Uploaded by Kari White (Bangor High)

Albedo Lab

Earth Science
Driving Question: What effect does albedo have on surface temperature?
Earth’s albedo is the fraction of incoming radiation (sunlight) that is reflected into space. The Earth has an
average albedo, which describes how much sunlight is reflected on average for the whole planet and the
whole year. That value is about 0.3. The Earth also has a local albedo, which determines how much of the
Sun’s light is reflected from a particular place at a particular time. The local albedo depends on the
particular local surface, which can change seasonally as vegetation changes. It also depends on more
rapidly changing things such as snow and clouds.
For reference, the values of albedo range from 0.0 to 1.0, where a value of 0.0 is for a surface that absorbs
all radiation (reflects 0 percent) that strikes its surface, and a value of 1.0 represents a surface that reflects
100 percent of the radiation that strikes it.
§ Fresh snow has an albedo ranging from 0.75 to 0.90.
§ Dry dark soil has an albedo of approximately 0.13.
§ Open ocean has an albedo of approximately 0.10.
How fast the planet warms in response to adding greenhouse gases to the atmosphere depends in part on
climate feedbacks. These natural processes can amplify/hasten the warming (a positive climate feedback)
or counteract some warming (a negative climate feedback). How snow and ice respond to warming and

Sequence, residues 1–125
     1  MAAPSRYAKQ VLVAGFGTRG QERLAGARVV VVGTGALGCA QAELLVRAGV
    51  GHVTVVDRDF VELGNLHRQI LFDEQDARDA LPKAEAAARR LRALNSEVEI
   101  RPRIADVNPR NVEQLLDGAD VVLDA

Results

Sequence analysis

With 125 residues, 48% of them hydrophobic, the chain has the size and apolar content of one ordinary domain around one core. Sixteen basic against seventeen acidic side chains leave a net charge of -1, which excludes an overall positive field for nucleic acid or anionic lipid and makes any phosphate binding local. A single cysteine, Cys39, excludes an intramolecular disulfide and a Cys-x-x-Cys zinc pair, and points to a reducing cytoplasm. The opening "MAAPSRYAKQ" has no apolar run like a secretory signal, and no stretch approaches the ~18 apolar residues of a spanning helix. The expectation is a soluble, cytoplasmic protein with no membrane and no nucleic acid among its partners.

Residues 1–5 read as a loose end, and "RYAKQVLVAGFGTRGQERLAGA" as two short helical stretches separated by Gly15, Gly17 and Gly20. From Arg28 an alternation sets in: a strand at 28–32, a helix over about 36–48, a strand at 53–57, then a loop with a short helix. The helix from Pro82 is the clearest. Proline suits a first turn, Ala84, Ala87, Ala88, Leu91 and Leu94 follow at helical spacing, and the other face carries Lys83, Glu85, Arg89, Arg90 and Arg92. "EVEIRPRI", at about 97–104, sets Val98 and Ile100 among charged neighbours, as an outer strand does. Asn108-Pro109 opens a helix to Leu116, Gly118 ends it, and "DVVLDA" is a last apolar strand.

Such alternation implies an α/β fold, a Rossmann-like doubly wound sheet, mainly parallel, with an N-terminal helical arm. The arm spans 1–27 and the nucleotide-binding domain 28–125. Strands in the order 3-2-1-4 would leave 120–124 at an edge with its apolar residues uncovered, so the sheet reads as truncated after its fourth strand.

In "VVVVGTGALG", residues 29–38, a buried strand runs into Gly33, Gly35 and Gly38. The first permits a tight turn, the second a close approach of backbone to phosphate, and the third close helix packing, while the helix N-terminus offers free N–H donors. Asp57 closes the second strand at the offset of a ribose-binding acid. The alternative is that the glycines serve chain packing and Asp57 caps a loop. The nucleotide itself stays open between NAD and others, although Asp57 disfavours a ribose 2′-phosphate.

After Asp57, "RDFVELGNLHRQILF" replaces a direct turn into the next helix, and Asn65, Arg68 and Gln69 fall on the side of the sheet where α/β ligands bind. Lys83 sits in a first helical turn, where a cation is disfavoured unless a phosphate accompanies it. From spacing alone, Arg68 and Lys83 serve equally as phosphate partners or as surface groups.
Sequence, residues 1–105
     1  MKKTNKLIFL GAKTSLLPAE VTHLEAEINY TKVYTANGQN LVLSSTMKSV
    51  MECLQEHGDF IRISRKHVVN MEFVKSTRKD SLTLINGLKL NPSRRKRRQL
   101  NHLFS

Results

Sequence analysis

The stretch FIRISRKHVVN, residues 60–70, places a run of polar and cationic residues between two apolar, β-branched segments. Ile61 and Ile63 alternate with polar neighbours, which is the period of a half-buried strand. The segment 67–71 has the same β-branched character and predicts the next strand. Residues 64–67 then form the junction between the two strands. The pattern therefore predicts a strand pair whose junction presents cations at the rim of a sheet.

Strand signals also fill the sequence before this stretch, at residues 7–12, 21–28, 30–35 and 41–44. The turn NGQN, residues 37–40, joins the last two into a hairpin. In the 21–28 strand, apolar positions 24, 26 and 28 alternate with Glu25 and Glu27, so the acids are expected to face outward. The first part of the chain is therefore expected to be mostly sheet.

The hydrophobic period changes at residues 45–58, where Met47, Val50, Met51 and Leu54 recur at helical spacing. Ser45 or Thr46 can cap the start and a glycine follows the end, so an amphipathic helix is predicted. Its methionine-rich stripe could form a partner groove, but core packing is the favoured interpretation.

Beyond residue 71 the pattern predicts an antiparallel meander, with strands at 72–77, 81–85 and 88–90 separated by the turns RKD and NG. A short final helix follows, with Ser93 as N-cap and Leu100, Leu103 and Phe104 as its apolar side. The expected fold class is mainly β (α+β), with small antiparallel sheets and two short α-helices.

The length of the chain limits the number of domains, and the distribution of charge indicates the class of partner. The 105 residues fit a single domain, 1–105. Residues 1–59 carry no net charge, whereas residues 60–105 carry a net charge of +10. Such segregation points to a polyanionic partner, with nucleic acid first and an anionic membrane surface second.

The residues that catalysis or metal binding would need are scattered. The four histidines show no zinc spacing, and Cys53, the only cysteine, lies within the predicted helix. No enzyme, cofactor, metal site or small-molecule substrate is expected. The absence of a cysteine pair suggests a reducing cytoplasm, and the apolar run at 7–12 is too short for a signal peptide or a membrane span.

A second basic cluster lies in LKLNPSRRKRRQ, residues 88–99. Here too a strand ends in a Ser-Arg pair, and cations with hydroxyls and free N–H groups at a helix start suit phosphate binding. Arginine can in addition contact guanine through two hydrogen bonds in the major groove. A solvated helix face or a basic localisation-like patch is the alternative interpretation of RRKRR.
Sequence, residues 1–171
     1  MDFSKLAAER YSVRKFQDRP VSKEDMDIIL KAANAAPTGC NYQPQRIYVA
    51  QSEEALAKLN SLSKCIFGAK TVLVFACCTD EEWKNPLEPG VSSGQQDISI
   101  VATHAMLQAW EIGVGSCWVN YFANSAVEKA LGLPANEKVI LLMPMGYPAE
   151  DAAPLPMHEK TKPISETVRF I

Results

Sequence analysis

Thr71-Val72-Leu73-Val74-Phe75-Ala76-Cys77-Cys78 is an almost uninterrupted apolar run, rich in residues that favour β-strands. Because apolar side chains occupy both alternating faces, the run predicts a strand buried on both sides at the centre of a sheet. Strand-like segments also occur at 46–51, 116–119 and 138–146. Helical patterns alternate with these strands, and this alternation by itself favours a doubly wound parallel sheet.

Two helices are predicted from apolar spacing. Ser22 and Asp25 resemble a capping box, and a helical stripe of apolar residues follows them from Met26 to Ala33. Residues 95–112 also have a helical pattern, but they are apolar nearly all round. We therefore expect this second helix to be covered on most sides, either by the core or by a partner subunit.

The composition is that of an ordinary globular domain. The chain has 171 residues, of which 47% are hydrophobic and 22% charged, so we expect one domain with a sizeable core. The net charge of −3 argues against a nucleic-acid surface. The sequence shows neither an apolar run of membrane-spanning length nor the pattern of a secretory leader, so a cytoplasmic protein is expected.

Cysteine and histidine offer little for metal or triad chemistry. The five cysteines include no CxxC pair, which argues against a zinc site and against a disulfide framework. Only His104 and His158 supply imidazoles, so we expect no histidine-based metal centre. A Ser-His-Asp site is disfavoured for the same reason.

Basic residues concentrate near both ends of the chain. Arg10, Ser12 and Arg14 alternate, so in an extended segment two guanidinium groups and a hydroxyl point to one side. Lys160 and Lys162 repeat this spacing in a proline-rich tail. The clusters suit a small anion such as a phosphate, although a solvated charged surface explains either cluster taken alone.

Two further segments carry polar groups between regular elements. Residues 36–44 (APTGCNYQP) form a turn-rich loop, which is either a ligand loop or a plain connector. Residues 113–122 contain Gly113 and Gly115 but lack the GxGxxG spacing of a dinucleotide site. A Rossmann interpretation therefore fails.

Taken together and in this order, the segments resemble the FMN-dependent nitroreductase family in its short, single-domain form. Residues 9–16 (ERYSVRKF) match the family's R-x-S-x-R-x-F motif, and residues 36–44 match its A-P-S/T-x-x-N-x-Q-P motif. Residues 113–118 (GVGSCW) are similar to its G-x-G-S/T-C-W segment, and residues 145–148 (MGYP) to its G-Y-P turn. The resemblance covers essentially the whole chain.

the resultant impact on surface albedo is an important positive climate feedback. As the climate warms,
snow and ice melt, the earth’s surface becomes less reflective (especially if sea ice melts, revealing open
ocean, which is very dark), more solar energy is absorbed by the earth’s surface rather than being
reflected back to space, causing the temperature to increase and the cycle to continue.
from climateclassroom.org
Predict which cup, white, black, or silver, will heat up faster. Which cup will reach the highest
temperature the fastest, thus having lower albedo? Include a reason for your prediction. Think about
different surface temperatures in the summer.
In this investigation, identical metal cups have been painted black and white and one cup has been left its
original silver color. Each cup will be fitted with a Styrofoam top to trap heat and a temperature probe
will be inserted. The cups will be heated for 10 minutes using a heat lamp and the temperature will be
measured each minute. The heat lamp will then be switched off and the temperature of the cups will be
monitored each minute for an additional 10 minutes. Please record your data in the data table and/or
Google sheets.
1. Which color cup reached a higher maximum temperature? Explain why you think this occurred?
Think about reflection and absorption.
2. What did you notice about the rate of heat loss after the light was turned off? How did the heat
gained over the first 10 minutes compare to the amount of heat reduction during the last 10
minutes? Did color appear to affect the rate of heat reduction?
3. Which cup would have a higher albedo? Why?
4. Which cup would have a lower albedo? Why?
5. Look at a globe or map of the world. Think about different types of surfaces on the Earth such as
ice, oceans, forests, and large cities.
a. What surfaces are best represented by the white cup?
b. What surfaces are best represented by the black cup?
c. Which surfaces absorb more solar radiation?
d. Which surfaces reflect more solar radiation?
6. How does the color of the Earth’s surface affect air, land, and sea temperatures?
Compose a well-written paragraph that addresses the investigative question:
What effect does albedo have on surface temperature? Support your conclusion with evidence (data)
from the albedo experiment.